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The Löwenmensch figurine or Lion man of the Hohlenstein Stadel is a very early prehistoric sculpture that was discovered in the Hohlenstein-Stadel, a German cave in 1939. The lion-headed figurine, alternately called (by its German names) Löwenmensch (lion-human) and Löwenfrau (lion-woman), is an ivory sculpture that is both the oldest known zoomorphic (animal-shaped) sculpture in the world, and the oldest known uncontested example of figurative art. The figurine was determined to be about 40,000 years old, by carbon dating of material from the same layer in which the figurine was found. It is associated with the archaeological Aurignacian culture. The figurine is 29.6 cm (11.7 inches) in height, 5.6 cm wide, and 5.9 cm thick. It was carved out of woolly mammoth ivory using a flint stone knife. Seven parallel, transverse, carved gouges are on the left arm. It is now in the museum in Ulm, Germany. By 2015, the ancient figurine was more appropriately being called a lion-headed figurine and identified as Löwenmensch.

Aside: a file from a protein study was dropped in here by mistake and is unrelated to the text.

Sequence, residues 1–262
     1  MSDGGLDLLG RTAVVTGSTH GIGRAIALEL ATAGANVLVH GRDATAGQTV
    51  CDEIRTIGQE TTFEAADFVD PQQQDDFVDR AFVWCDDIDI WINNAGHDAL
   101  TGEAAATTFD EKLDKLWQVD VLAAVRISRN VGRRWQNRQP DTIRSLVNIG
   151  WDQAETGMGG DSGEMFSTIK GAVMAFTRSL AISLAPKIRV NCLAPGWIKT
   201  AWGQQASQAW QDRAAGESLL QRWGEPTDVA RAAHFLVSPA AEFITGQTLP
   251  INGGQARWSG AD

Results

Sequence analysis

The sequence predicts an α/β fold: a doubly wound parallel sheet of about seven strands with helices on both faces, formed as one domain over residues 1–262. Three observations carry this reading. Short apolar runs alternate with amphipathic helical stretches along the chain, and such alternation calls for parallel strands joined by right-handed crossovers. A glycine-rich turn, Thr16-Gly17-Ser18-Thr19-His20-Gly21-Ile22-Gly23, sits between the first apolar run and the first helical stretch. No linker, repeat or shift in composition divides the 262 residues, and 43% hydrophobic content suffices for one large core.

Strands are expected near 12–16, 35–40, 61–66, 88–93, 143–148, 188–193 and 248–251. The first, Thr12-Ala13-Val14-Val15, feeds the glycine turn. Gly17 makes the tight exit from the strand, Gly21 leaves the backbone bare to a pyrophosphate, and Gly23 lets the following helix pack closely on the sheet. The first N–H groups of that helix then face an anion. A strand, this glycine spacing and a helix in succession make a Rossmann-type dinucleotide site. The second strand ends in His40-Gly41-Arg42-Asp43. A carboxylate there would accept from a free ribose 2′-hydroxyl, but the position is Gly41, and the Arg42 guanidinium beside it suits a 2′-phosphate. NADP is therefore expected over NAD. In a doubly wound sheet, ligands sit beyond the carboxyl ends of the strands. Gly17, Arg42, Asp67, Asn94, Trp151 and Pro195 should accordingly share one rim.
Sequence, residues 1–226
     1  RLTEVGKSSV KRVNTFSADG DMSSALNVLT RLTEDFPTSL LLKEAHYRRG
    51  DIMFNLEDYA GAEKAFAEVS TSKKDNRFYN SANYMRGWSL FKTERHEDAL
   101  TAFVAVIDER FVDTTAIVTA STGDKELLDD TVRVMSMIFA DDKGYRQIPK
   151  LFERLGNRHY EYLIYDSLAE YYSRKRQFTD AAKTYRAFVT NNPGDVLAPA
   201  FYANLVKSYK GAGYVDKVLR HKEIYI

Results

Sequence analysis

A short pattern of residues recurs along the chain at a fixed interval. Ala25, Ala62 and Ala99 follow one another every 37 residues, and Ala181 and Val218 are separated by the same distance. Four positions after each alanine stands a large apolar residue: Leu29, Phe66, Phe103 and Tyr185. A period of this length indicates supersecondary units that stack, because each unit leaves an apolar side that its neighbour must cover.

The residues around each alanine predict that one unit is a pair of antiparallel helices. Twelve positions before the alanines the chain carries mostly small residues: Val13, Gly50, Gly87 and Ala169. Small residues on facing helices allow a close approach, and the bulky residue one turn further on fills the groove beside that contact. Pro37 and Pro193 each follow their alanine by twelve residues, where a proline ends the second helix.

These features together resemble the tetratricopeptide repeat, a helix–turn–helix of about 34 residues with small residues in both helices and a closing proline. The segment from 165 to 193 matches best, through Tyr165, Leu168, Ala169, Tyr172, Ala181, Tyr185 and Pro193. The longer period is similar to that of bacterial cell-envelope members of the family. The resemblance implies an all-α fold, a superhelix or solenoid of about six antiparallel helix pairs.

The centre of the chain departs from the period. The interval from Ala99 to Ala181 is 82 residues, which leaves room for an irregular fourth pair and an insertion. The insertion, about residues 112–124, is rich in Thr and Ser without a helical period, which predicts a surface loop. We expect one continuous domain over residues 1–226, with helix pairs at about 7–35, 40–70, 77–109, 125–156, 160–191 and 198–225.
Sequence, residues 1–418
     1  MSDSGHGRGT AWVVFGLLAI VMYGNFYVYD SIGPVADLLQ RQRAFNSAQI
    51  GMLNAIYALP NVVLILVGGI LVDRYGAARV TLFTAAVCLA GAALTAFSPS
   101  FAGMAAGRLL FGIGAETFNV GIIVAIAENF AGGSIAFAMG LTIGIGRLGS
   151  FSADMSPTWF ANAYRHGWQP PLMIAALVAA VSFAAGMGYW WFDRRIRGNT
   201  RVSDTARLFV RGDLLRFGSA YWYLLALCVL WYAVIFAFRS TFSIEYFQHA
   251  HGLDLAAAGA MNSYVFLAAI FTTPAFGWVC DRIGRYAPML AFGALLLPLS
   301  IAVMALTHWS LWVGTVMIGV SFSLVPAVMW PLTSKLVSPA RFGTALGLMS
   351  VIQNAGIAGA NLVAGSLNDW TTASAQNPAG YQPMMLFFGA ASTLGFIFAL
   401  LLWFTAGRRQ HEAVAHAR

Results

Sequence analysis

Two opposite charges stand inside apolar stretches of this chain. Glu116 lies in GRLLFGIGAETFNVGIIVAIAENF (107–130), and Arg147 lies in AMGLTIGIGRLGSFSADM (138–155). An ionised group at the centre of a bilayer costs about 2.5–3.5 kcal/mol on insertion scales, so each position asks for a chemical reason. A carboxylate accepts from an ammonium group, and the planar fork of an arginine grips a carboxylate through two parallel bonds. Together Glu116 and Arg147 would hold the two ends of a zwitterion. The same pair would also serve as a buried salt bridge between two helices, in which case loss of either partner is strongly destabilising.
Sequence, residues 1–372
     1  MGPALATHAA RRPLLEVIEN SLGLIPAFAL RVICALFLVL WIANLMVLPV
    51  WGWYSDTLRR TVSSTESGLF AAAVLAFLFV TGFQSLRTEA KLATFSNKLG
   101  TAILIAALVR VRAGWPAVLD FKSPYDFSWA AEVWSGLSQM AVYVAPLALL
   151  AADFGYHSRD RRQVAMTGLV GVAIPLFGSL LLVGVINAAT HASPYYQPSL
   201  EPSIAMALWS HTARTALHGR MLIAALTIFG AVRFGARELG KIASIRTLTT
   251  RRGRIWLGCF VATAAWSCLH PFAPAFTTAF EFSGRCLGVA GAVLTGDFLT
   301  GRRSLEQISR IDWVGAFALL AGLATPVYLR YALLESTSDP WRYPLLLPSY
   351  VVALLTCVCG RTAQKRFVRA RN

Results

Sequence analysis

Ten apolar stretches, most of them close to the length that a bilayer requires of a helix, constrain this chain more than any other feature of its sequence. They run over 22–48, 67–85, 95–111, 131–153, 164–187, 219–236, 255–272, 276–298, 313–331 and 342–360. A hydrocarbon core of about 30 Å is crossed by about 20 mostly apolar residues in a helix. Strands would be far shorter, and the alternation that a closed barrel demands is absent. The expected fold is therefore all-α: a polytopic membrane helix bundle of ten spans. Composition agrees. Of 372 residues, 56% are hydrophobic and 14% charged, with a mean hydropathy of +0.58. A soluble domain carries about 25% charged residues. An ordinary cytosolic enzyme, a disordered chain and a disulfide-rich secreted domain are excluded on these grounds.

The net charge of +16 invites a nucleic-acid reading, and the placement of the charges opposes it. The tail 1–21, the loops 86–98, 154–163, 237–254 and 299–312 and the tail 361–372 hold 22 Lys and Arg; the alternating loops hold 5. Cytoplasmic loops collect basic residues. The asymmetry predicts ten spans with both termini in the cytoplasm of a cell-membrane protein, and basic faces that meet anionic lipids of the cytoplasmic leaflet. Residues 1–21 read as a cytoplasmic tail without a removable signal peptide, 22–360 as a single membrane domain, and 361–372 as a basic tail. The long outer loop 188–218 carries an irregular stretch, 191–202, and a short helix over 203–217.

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The Löwenmensch figurine or Lion man of the Hohlenstein Stadel is a very early prehistoric sculpture that was discovered in the Hohlenstein-Stadel, a German cave in 1939. The lion-headed figurine, alternately called (by its German names) Löwenmensch (lion-human) and Löwenfrau (lion-woman), is an ivory sculpture that is both the oldest known zoomorphic (animal-shaped) sculpture in the world, and the oldest known uncontested example of figurative art. The figurine was determined to be about 40,000 years old, by carbon dating of material from the same layer in which the figurine was found. It is associated with the archaeological Aurignacian culture. The figurine is 29.6 cm (11.7 inches) in height, 5.6 cm wide, and 5.9 cm thick. It was carved out of woolly mammoth ivory using a flint stone knife. Seven parallel, transverse, carved gouges are on the left arm. It is now in the museum in Ulm, Germany. By 2015, the ancient figurine was more appropriately being called a lion-headed figurine and identified as Löwenmensch. More

 
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